Chinese soldiers have been conducting live-fire drills on the freezing hills of the Himalayas.
It’s a show of force, and a demonstration Beijing's preparedness to defend what they say is their territory, a strip on the Doklam plateau just kilometres away.
For more than five weeks Chinese and Indian troops have been locked in a stand-off over the territory connecting the two countries and Bhutan.
India says China was building a road on Bhutanese soil. Bhutan doesn't have diplomatic relations with Beijing, but communicates with China through Delhi.
Beijing says the land, according to an 1890 treaty with the British, is Chinese.
“The border is clear enough,” said Chinese foreign ministry spokesman Lu Kang at a press conference.
“The Indian border guards illegally trespassed the boundary into Chinese territory.”
India sees China's roadwork as a security threat to their so-called 'chicken's neck', a strategic transport corridor which links Delhi to the country’s remote northeastern states.
Indian army troops stationed near the India-China border. Source: Getty
Indian foreign minister Sushma Swaraq says the move threatens India’s security.
“If China unilaterally changes the status-quo of the tri-junction point, then our security gets directly challenged,” said Ms Swaraq.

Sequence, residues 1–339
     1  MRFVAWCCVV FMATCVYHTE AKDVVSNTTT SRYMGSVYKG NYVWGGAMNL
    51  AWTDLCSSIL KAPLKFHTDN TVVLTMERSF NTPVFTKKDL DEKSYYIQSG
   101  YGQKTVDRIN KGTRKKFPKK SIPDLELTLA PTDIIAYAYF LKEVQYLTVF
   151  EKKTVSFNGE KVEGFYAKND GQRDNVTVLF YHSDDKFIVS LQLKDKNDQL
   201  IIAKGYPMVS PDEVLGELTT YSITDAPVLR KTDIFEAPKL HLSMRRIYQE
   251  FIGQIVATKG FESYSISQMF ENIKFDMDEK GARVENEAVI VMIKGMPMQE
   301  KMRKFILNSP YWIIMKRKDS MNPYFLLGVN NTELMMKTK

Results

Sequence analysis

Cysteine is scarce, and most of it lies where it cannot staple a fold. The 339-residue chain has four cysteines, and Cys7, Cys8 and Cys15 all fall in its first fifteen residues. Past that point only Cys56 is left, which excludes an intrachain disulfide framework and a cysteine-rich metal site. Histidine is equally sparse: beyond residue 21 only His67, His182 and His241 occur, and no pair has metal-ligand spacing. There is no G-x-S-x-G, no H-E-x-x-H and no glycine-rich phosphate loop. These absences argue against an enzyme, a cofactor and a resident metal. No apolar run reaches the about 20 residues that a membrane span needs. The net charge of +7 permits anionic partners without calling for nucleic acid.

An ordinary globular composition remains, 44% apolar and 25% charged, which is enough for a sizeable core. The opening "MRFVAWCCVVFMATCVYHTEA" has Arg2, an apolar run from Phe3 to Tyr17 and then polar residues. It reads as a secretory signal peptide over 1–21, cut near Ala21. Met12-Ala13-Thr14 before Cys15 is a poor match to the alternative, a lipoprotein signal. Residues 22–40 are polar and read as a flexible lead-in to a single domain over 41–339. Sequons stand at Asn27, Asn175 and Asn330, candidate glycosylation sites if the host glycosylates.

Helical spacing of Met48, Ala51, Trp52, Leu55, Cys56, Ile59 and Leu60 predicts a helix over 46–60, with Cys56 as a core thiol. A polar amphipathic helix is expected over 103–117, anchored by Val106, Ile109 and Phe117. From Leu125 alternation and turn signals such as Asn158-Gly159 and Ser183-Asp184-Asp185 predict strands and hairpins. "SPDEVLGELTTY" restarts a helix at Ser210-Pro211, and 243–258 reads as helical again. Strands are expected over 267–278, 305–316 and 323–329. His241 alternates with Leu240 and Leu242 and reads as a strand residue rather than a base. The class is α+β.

Now tensions over the freezing plateau are heating up, both sides have positioned troops and equipment close to the area in case fighting breaks out.
Chinese President Xi Jinping and his Indian counterpart, Narendra Modi, skipped their usual bilateral meeting at the G20 in Germany earlier this month.
An editorial published in Chinese government controlled media said "India will surely lose" if military action is sparked.
Liu Zhiqin is a researcher at Beijing’s Renmin University. He says India has no right to interfere in the issue as the territory does not belong to India.
“China has full right to build anything in territory that belongs to China," Mr Liu said.
"There's no reason to discuss with other countries what we should do because this is within our sovereignty, our territory.”
It's not the first border skirmish between the two regional powers. Thousands were killed when fighting broke out in 1962.
To avoid this, India's foreign minister Ms Swaraq says both sides must withdraw their troops, then engage in dialogue.
But Beijing says talks are off the table unless India withdraws its soldiers first.
As the stalemate enters its sixth week, analysts are hoping for a peaceful resolution soon.
The rift is threatening to overshadow the upcoming BRICS summit, involving India and hosted by China, in September.